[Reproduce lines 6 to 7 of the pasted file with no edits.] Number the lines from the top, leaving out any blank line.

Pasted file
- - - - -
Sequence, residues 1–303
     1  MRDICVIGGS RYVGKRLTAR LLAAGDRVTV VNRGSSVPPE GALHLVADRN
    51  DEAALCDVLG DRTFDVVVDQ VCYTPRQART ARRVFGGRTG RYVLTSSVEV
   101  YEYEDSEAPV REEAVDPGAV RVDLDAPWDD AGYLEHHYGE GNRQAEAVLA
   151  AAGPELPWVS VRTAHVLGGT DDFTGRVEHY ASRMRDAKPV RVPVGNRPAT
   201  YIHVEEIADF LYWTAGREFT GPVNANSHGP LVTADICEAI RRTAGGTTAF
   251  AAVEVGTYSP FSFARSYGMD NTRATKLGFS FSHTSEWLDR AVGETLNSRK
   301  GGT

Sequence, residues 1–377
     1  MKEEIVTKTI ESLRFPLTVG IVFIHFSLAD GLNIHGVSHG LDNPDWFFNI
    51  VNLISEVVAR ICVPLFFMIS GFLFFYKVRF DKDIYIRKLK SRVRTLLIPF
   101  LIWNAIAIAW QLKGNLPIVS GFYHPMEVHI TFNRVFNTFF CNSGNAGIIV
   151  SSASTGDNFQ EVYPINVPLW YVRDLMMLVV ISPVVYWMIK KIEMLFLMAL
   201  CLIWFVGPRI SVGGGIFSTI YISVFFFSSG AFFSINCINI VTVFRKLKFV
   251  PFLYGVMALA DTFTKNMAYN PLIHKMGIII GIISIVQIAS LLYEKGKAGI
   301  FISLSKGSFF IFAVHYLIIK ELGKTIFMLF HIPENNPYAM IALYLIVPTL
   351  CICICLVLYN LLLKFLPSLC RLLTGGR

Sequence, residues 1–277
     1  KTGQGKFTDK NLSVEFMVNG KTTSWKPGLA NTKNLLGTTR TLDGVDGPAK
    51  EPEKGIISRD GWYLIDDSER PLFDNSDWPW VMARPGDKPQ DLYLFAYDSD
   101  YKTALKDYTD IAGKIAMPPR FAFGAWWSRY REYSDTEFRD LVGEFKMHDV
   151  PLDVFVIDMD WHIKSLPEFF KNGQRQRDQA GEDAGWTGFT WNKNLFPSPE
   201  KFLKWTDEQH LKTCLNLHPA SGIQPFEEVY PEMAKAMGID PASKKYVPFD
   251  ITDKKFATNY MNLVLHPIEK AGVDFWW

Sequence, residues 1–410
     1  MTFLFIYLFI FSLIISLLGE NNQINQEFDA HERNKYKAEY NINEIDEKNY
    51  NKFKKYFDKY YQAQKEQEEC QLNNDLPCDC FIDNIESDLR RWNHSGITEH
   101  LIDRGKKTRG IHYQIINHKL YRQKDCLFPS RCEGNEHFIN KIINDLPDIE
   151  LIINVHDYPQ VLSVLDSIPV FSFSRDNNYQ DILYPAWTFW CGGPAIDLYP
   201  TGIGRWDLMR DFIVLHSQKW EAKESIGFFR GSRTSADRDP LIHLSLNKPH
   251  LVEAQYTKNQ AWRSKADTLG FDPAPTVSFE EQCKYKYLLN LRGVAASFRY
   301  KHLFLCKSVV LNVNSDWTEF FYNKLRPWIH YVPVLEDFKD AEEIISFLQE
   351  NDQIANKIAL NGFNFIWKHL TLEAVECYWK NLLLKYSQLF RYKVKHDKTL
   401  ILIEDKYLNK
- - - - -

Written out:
   201  YIHVEEIADF LYWTAGREFT GPVNANSHGP LVTADICEAI RRTAGGTTAF
   251  AAVEVGTYSP FSFARSYGMD NTRATKLGFS FSHTSEWLDR AVGETLNSRK